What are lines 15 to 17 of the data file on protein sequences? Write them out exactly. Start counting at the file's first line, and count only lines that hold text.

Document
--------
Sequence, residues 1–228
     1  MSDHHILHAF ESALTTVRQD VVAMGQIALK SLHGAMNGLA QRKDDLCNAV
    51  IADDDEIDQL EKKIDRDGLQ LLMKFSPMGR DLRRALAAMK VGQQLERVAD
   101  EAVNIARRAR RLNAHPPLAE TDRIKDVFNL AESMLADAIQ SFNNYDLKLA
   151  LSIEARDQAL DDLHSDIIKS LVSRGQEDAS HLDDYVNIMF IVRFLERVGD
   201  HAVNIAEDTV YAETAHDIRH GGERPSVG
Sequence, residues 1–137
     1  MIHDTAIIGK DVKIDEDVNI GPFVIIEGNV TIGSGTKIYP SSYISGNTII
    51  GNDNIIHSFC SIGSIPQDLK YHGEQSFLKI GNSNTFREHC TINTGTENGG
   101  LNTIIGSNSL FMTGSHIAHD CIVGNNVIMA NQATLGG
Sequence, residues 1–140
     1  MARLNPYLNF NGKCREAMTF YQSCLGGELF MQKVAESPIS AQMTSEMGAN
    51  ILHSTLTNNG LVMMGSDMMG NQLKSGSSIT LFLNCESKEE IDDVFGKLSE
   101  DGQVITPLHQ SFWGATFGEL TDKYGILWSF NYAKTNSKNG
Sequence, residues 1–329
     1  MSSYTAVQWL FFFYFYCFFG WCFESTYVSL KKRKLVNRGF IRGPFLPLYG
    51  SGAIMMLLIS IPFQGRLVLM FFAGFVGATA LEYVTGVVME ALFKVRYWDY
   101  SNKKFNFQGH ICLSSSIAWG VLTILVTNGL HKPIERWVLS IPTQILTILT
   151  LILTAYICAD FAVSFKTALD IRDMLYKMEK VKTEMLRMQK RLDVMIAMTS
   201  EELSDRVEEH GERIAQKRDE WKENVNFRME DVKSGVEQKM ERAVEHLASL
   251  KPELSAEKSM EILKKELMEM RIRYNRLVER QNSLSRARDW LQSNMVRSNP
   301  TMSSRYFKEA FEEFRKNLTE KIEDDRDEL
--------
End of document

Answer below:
Sequence, residues 1–329
     1  MSSYTAVQWL FFFYFYCFFG WCFESTYVSL KKRKLVNRGF IRGPFLPLYG
    51  SGAIMMLLIS IPFQGRLVLM FFAGFVGATA LEYVTGVVME ALFKVRYWDY